Learning To Walk
Written by Mike James   
Wednesday, 12 July 2017

Deep Mind has been applying its deep reinforcement learning to the problem of walking - but not just any walking, this is difficult terrain. The neural network gets it wrong some of the time, but it is still impressive and its fails are fun to watch.



If you have ever watched a robot walk, you will wonder why the task is so hard. It is hard, but neural networks solve some very hard problems and it is surprising that robot walking isn't much better than it is.

The Deep Mind team clearly think that its reinforcment learning approach is the way to go, and from the video this seems to be correct:



The paper that accompanies the video describes the approach in detail. In particular, it explains that the big problem with this sort of dynamical problem is crafting the reward function. In the past when complex reward functions have been used to shape behavior, the result has been largely unsuccessful. The robots learned to walk but did unexpected things and small changes to the reward function produced big changes in behaviour. The Deep Mind team used a simple reward function arguing that complex reward function are a form of overfitting that results in idiosyncratic solutions that happen to work in one setting. They also argue that a simple reward function used to train on as wide a variety of obstacle courses will promote more generalized behaviour.

The agents used in the training had a range of feedbacks:

(1) a set of egocentric, “proprioceptive” features containing joint angles and angular velocities; for the Quadruped and Humanoid these features also contain the readings of a velocimeter, accelerometer, and a gyroscope positioned at the torso providing egocentric velocity and acceleration information, plus contact sensors attached to the feet and legs. The Humanoid also has torque sensors in the joints of the lower limbs.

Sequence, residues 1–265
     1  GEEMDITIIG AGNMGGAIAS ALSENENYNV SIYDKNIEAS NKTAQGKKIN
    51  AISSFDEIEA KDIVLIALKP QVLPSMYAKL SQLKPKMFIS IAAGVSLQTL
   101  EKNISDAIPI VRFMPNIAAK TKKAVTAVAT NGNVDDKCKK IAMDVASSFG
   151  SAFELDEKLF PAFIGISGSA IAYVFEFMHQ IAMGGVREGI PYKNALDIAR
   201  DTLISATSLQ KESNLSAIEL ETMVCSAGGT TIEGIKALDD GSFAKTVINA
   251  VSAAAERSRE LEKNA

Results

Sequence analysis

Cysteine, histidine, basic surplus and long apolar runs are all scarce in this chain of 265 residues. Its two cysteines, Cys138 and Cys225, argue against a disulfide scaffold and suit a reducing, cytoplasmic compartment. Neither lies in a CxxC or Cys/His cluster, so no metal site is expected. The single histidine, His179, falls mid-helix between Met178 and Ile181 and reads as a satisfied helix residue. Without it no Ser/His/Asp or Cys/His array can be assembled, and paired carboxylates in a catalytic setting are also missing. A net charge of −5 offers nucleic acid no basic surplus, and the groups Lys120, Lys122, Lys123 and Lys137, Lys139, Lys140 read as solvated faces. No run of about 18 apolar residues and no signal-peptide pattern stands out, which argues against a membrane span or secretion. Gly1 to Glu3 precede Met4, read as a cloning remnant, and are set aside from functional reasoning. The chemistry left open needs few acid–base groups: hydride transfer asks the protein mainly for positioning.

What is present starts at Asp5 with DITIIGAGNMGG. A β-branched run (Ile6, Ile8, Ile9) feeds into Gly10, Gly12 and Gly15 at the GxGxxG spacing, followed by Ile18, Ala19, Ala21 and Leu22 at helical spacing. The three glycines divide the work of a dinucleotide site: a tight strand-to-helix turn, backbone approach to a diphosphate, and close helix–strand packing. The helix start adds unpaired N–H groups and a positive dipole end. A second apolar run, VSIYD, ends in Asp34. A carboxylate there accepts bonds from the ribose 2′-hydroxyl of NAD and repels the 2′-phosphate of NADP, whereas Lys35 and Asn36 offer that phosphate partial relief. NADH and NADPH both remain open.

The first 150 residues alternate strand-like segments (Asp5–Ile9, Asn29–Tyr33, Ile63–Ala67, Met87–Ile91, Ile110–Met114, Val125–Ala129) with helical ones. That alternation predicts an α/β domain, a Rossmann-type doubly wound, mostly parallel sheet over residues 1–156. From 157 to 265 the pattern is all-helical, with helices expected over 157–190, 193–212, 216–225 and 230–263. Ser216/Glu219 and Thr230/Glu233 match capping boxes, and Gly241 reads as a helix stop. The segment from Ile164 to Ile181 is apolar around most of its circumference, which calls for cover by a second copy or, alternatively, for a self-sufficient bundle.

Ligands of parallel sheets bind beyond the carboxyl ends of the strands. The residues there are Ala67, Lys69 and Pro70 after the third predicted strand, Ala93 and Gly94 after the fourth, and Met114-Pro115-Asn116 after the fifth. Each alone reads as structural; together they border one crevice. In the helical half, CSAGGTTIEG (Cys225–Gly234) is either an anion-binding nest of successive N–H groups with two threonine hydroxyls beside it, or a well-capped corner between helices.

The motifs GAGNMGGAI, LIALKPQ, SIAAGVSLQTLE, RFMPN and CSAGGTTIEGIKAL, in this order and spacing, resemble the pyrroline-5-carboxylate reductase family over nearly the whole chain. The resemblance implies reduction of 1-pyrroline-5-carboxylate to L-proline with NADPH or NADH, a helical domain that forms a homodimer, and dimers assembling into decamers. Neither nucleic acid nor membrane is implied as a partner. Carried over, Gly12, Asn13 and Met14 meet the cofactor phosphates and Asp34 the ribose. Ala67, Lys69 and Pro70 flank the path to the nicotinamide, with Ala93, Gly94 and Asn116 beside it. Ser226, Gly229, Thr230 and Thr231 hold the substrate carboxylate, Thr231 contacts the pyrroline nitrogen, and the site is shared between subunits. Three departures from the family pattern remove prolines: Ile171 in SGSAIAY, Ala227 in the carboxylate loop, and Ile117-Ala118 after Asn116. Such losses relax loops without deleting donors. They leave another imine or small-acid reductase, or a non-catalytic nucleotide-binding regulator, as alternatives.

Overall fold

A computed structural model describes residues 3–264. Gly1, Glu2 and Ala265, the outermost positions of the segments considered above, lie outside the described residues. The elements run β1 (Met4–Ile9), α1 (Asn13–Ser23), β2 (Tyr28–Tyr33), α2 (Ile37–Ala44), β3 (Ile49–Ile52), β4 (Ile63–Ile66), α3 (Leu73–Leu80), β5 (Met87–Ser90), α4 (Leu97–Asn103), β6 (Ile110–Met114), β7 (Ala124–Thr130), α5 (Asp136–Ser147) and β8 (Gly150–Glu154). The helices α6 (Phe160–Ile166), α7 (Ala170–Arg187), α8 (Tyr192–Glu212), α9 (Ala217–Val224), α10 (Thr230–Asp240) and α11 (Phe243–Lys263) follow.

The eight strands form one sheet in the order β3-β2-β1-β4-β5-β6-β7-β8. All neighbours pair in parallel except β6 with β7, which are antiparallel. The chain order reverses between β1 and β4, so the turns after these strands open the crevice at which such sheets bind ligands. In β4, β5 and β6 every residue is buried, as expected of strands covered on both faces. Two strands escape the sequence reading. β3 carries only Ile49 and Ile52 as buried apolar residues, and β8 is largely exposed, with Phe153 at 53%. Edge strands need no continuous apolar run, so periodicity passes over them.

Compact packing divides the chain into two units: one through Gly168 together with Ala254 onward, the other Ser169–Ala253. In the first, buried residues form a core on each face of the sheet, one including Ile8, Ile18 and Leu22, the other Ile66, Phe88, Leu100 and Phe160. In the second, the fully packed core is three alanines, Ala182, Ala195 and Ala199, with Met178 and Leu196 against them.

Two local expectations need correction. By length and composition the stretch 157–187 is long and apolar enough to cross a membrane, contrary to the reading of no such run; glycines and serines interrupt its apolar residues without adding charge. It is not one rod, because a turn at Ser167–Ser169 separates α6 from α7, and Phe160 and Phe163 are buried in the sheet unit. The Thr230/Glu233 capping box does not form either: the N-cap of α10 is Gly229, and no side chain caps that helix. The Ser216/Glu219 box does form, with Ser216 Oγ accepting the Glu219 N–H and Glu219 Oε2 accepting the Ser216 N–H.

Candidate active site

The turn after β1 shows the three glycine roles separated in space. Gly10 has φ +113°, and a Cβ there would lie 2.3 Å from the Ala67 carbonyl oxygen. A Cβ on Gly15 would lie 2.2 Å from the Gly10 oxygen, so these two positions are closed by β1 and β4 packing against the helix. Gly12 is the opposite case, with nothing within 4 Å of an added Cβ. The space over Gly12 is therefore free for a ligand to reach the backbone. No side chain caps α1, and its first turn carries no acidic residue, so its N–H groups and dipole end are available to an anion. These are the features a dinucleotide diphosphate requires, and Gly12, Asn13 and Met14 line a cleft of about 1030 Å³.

(2) a set of “exteroceptive” features containing task-relevant information including the position with respect to the center of the track as well as the profile of the terrain ahead.

Watching the humanoid is really interesting. If you have seen similar experiments involving the evolution of locomotion via walking the results may look superficially similar, but the way the arms move in the neural network case seems much more determined. While the arms appear to flail about like a demented lunatic, if you look carefully they do seem to be used as a counter balance and as momentum generators.

To produce motion that is more acceptable to human onlookers the reward function should probably be modified to include a cost for not having the arms close to their rest position. 





Overall though, the idea of a simple reward function and complex environment seems to work. The conclusion is:

"Our experiments suggest that training on diverse terrain can indeed lead to the development of non-trivial locomotion skills such as jumping, crouching, and turning for which designing a sensible reward is not easy. While we do not claim that environmental variations will be sufficient, we believe that training agents in richer environments and on a broader spectrum of tasks than is commonly done today is likely to improve the quality and robustness of the learned behaviors – and also the ease with which they can be learned. In that sense, choosing a seemingly more complex environment may actually make learning easier."

This is most likely a very general result.



More Information

Emergence of Locomotion Behaviours in Rich Environments

Nicolas Heess, Dhruva TB, Srinivasan Sriram, Jay Lemmon, Josh Merel, Greg Wayne, Yuval Tassa, Tom Erez, Ziyu Wang, S. M. Ali Eslami, Martin Riedmiller, David Silver

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Last Updated ( Wednesday, 12 July 2017 )